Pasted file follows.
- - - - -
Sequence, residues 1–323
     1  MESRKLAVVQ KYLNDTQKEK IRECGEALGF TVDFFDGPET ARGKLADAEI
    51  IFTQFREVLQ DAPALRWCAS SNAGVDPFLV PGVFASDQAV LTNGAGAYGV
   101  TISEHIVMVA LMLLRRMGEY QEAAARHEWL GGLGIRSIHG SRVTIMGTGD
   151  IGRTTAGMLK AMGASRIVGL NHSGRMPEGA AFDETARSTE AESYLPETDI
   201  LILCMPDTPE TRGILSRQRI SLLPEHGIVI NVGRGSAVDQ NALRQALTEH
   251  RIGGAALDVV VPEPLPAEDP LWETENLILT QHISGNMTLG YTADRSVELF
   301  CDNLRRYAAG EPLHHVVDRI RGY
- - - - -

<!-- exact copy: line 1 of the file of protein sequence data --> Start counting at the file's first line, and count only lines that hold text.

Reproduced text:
Sequence, residues 1–323